Comparing the results obtained with the two methods you will be able to assign a position in the scatterplot to a developmental stage. Furthermore, using the data analysis tools of AmphaSoft (polygon gate), you can quantify the abundance of each population. And in turn assign the proportion of a given stage to the bud size or position of spikelet in the spike, as we did in Figure 3. For certain species, those shedding pollen as trinuclear, you will see overall more populations than in the species where pollen is shed as binuclear. 

Now you know which buds or spikelets to go after and avoid spending time on harvesting and dissecting the wrong material. With this experiment, you have created your reference system, your map of developmental stages on a scatterplot. I encourage you to create you own map, one that includes all developmental stages from the very early microspores to mature pollen. 

When analyzing a new batch of buds of the same genotype you can apply the same gates and estimate in a few clicks the developmental stage of your new samples, without repeating tedious staining assays. 

figure 3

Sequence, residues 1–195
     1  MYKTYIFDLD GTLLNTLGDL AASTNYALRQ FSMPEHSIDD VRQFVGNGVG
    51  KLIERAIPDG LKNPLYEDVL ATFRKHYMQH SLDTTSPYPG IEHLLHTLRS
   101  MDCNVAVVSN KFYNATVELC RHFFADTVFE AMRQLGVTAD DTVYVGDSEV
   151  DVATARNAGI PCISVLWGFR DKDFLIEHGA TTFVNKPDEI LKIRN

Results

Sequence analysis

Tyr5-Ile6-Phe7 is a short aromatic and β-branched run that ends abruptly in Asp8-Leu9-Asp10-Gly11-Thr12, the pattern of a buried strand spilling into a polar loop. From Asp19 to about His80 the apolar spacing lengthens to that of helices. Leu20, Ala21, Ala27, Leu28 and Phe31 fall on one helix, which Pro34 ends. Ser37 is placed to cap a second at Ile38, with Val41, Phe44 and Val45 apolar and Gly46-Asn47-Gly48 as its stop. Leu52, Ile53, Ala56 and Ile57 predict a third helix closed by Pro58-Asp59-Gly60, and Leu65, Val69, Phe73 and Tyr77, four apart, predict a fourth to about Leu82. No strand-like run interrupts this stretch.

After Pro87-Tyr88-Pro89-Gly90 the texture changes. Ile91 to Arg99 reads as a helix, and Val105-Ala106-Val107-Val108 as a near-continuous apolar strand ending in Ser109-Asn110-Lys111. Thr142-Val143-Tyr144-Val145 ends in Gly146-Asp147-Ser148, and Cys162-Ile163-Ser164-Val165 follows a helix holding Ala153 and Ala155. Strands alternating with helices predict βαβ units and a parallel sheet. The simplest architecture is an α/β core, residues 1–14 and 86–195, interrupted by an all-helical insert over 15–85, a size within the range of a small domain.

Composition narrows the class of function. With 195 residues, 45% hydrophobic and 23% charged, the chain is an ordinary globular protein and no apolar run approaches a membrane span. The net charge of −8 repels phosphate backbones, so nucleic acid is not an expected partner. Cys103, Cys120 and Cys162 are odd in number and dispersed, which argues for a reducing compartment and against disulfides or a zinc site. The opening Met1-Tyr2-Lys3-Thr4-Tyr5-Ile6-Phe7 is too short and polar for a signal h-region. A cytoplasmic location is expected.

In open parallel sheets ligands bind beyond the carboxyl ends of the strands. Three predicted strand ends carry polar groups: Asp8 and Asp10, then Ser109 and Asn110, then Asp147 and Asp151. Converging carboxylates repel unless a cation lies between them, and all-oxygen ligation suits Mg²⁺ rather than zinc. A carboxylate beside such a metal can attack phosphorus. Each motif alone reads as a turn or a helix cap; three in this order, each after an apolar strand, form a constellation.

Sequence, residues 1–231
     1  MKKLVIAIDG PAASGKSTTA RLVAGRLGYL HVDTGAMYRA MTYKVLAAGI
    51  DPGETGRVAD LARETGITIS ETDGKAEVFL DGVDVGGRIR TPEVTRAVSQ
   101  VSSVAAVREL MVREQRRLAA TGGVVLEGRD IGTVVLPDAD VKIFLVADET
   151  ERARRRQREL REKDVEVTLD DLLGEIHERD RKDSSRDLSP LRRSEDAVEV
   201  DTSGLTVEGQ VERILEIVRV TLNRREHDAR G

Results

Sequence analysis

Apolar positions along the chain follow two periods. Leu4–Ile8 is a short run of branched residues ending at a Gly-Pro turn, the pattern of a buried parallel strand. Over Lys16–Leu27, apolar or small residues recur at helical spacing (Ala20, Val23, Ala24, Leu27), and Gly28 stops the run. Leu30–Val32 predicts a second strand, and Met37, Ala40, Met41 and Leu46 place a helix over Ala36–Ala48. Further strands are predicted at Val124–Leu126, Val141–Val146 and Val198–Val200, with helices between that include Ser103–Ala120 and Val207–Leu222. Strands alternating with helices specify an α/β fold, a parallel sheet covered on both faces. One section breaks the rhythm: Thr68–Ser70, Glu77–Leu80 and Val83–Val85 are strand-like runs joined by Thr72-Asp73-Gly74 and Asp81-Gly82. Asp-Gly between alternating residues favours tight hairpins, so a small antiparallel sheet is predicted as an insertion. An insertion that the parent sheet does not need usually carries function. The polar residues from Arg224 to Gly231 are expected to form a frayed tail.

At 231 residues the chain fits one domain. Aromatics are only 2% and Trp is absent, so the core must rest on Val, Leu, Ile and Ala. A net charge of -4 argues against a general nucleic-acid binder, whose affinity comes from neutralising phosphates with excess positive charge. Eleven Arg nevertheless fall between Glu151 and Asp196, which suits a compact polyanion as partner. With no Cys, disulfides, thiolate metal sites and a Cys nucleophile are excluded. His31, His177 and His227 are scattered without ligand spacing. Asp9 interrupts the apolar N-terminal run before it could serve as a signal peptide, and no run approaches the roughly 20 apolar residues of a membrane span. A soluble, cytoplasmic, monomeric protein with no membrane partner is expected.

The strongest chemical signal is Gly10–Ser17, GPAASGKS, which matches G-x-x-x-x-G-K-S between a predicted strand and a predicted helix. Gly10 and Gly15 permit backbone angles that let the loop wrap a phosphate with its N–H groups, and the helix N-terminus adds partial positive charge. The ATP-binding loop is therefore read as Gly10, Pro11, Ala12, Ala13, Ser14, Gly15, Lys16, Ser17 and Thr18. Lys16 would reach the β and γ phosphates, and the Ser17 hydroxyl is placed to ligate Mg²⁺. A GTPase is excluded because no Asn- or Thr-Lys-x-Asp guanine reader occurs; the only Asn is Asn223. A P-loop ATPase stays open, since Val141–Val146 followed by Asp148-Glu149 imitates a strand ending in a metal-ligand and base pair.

Genetic variation may have an effect on the size of the microspores and therefore the amplitude in the IFC plots. Therefore, working with the same gates for all genotypes may not be suitable. This is because at the very early and at the late stages of development the uninucleate microspore and the early pollen have comparable phase angles. 

However, we have seen that the evolution of both the phase angle and amplitude, i.e. the transition from one position on the scatterplot to another, robustly associates with the developmental stage across genotypes. Therefore, by analyzing a series of buds of increasing size, and not just a single size, you can deduce the developmental stage of each sample. You need to evaluate the position of the cloud of an individual sample in relation to the position of that of a smaller or larger bud in the series and compare it to your previously generated “scatterplot map”. 

Estimate Microspore Viability and Density

Once you know which starting material to use, the next step is how to isolate the microspores so that the extraction is efficient in terms of hands-on effort, number of collected cells per input unit and their viability. To verify the microspore density and viability, the conventional protocols rely on two microscopy assays: a viability staining, such as FDA, a cell count in an hemocytometer. The Ampha Z32 can give you both parameters in a single measurement. Let me explain how.